Cover to Cover with Jack Foley

Cover to Cover with Jack Foley – September 24, 2014

TRIBUTE TO DENISE LEVERTOV (1923-1997) / WATERSHED ENVIRONMENTAL POETRY FESTIVAL

 

Today’s show, featuring rare recordings, is devoted to the late Denise Levertov (1923-1997), to whom this year’s Watershed Environmental Poetry Festival is dedicated. The Festival—with the Ecology Center/Berkeley Farmers’ Market as a key collaborator and in conjunction with 100 Thousand Poets for Change—will take place on September 27, noon to 4:30, at Berkeley’s Civic Center Park.

 

Denise Levertov was a British-born American poet. Wikipedia: “Levertov’s first two books…concentrated on traditional forms and language. But as she accepted the US as her new home, she became more and more fascinated with the American idiom… During the 1960s and 70s, [she] became much more politically active in her life and work. As poetry editor forThe Nation, she was able to support and publish the work of feminist and other leftist activist poets. The Vietnam War was an especially important focus of her poetry, which often tried to weave together the personal and political, as in her poem “The Sorrow Dance,” which speaks of her sister’s death. Also in response to the Vietnam War, Levertov joined the War Resisters League, and in 1968 signed the “Writers and Editors War Tax Protest” pledge, vowing to refuse tax payments in protest against the war… Much of the latter part of Levertov’s life was spent in education. After moving to Massachusetts, Levertov taught at Brandeis University, MIT and Tufts University. She also lived part-time in Palo Alto and taught at Stanford University, as professor of English (professor emeritus). There she befriended Robert McAfee Brown, a professor of religion at Stanford and pastor. Franciscan Murray Bodo also became a spiritual advisor to her… In 1984 she received a Litt. D. from Bates College. After retiring from teaching, she travelled for a year doing poetry readings in the US and Britain. In 1990 she joined the Catholic Church at St. Edwards, Seattle; she became involved in protests of the US attack on Iraq…The first full biography appeared in October 2012 by Dana Greene, Denise Levertov: A Poet’s Life (Chicago: University of Illinois, 2012). Donna Krolik Hollenberg’s more substantial biography, A Poet’s Revolution: The Life of Denise Levertov, was published by the University of California Press in April 2013.”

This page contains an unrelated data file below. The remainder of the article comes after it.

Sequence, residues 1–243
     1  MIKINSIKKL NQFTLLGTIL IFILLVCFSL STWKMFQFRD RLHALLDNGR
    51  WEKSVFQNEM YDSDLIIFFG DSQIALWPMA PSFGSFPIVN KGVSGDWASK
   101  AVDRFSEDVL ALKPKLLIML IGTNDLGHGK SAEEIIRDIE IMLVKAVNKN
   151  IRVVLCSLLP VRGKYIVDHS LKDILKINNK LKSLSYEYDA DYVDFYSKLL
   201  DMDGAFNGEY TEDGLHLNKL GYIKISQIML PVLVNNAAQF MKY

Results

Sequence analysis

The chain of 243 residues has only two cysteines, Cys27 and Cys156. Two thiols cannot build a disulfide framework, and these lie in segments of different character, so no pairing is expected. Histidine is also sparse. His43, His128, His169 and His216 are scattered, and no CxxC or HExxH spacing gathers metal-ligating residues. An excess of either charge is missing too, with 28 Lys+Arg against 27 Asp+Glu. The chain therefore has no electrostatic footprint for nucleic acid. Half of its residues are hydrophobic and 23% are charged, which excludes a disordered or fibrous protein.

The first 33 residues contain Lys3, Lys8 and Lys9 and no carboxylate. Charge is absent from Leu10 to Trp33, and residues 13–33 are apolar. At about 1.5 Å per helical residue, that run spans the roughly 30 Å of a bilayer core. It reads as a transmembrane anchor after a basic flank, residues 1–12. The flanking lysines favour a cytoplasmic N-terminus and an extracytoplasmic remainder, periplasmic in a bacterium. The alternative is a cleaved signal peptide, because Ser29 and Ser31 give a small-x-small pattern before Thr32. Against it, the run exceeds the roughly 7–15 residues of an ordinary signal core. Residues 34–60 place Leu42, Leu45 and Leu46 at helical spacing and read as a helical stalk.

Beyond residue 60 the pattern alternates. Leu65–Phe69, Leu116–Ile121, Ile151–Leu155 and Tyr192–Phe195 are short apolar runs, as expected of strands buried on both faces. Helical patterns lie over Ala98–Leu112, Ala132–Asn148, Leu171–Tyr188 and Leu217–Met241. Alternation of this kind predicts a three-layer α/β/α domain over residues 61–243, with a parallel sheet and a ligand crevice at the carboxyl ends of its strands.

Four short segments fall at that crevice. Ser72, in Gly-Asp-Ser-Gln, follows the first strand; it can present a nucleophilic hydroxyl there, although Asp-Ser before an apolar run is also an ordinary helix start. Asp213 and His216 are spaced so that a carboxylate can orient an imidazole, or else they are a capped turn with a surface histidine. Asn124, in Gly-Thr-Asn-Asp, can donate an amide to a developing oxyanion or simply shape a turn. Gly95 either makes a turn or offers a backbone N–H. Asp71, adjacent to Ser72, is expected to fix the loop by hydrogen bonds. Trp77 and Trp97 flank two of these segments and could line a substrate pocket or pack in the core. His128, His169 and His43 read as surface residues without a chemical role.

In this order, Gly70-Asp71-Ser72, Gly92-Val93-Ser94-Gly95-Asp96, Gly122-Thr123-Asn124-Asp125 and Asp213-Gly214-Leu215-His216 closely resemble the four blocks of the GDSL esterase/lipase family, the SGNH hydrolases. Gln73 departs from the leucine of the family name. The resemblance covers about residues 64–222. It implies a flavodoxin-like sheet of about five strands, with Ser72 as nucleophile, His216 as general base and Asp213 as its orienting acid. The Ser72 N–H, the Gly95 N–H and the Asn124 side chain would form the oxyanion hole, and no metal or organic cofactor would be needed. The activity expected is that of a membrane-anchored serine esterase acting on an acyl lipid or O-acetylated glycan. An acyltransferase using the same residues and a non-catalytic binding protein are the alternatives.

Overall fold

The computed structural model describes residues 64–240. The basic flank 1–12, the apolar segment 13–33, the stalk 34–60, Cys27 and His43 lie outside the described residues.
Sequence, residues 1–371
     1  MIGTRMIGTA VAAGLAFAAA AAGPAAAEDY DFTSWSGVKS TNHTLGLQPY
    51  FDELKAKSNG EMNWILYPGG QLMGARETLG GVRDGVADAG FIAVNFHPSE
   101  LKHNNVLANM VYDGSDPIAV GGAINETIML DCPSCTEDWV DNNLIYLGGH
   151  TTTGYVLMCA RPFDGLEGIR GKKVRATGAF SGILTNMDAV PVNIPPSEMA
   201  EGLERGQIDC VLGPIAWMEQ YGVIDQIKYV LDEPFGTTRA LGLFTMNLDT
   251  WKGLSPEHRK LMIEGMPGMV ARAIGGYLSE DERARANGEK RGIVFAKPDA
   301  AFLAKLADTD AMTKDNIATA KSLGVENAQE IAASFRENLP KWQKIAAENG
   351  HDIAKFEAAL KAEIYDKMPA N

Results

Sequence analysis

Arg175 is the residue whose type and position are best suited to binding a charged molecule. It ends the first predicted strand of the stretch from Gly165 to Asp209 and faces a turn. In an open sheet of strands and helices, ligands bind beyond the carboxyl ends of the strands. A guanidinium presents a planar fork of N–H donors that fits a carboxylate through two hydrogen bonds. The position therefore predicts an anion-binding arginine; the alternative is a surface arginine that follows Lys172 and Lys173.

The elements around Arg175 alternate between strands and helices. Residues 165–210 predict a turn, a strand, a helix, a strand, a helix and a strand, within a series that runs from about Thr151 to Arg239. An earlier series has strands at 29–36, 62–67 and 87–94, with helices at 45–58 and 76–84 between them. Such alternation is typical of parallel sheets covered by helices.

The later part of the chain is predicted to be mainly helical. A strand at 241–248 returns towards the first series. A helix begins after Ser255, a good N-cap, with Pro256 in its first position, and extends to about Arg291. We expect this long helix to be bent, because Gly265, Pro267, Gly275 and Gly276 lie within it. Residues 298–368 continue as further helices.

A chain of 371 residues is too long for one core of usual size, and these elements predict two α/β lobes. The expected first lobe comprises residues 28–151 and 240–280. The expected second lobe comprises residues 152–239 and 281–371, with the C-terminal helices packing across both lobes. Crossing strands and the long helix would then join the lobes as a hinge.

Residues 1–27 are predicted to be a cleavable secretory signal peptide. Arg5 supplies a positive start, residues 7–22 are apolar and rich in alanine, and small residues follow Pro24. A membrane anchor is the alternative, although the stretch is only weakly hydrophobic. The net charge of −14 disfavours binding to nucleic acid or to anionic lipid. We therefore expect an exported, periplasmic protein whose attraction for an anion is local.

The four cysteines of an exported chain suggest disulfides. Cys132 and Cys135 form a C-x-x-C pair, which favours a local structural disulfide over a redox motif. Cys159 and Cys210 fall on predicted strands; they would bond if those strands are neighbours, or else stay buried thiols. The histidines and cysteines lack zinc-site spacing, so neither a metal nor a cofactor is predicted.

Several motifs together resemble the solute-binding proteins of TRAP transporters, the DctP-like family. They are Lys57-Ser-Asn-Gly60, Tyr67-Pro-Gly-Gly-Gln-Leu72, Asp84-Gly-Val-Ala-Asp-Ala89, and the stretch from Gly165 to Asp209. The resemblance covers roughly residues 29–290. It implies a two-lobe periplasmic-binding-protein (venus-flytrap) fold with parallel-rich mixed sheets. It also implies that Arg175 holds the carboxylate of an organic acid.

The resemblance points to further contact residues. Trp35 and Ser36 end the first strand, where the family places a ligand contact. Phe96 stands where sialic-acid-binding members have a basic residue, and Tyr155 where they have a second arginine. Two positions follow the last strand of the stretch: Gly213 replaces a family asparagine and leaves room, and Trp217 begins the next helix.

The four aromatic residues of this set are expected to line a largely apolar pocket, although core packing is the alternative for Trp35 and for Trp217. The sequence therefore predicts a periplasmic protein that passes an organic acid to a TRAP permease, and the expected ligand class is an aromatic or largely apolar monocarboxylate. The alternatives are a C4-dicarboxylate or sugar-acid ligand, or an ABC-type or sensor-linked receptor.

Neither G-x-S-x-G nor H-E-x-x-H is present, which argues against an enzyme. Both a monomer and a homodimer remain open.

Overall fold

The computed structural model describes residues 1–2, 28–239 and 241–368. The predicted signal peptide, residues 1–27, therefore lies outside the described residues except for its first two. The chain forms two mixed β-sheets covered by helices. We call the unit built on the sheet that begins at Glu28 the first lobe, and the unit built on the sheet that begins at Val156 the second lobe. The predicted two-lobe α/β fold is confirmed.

Levertov described her spiritual trajectory as a “slow movement from agnosticism to Christian faith, a movement incorporating much doubt and questioning as well as affirmation.” The Collected Poems of Denise Levertov, edited by Paul A. Lacey and Anne Dewey and with an introduction by Eavan Boland, appeared from New Directions in 2013.  This is “Chant: Sunset, Somerville, Late Fall ’75”:

 

Cloudy luminous rose-mallow sundown,

                                                                  suffusing the whole          

roof-and-branch-interrupted lofty

air, blue fishscale slates,

wires, poles, trolleycars, flash

of window,

rectangular Catholic tall campanile abstracted

above North Cambridge, people heads down

leaving the store with groceries, bather—

all!—utterly

                     in this deepening, poised,

                     fading-to-ivory oxbowed river of

light,

one drop

of crimson lake to a brimming

floodwater chalice

and we at the lees of it—ah,

no need to float, to long

to float upward, into it, sky itself

is floating us into the dusk, we are motes

of gold brushed from the fur

of mothwings, night is

breathing

close to us,

dark, soft.       

 

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